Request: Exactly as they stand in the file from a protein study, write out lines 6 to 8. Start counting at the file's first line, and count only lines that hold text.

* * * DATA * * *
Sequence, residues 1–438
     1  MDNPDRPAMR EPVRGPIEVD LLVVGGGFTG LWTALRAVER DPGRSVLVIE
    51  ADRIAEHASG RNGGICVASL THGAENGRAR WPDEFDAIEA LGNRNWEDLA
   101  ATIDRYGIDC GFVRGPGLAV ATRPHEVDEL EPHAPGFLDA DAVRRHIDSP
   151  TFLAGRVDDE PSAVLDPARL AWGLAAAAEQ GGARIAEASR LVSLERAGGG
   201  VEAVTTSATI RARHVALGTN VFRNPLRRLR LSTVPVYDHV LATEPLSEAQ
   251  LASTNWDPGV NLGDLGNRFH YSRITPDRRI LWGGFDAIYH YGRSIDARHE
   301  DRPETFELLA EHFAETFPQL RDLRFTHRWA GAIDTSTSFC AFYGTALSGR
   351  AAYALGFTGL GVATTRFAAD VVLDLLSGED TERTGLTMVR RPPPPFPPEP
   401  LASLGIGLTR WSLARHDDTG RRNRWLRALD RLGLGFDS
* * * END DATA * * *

   201  VEAVTTSATI RARHVALGTN VFRNPLRRLR LSTVPVYDHV LATEPLSEAQ
   251  LASTNWDPGV NLGDLGNRFH YSRITPDRRI LWGGFDAIYH YGRSIDARHE
   301  DRPETFELLA EHFAETFPQL RDLRFTHRWA GAIDTSTSFC AFYGTALSGR